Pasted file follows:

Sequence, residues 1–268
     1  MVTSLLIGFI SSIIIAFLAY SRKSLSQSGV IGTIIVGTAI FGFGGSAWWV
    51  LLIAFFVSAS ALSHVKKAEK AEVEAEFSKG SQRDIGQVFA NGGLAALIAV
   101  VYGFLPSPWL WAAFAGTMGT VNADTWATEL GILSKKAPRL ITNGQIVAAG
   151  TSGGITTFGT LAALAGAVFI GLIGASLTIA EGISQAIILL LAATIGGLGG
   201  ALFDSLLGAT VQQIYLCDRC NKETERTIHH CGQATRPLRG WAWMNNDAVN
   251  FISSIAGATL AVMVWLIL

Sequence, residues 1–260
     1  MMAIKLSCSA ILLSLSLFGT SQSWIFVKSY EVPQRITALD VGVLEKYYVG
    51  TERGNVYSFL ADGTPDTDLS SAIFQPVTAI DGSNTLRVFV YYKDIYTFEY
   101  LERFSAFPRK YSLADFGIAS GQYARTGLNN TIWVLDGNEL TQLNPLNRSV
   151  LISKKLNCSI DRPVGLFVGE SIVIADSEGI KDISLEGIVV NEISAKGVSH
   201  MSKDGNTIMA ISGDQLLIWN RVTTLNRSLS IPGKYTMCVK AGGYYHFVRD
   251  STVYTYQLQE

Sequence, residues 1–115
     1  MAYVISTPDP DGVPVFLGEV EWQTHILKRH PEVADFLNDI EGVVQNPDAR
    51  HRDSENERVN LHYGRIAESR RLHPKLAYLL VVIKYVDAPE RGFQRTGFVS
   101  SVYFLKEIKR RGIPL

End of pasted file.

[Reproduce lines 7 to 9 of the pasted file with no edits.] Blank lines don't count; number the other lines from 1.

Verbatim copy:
   251  FISSIAGATL AVMVWLIL

Sequence, residues 1–260
     1  MMAIKLSCSA ILLSLSLFGT SQSWIFVKSY EVPQRITALD VGVLEKYYVG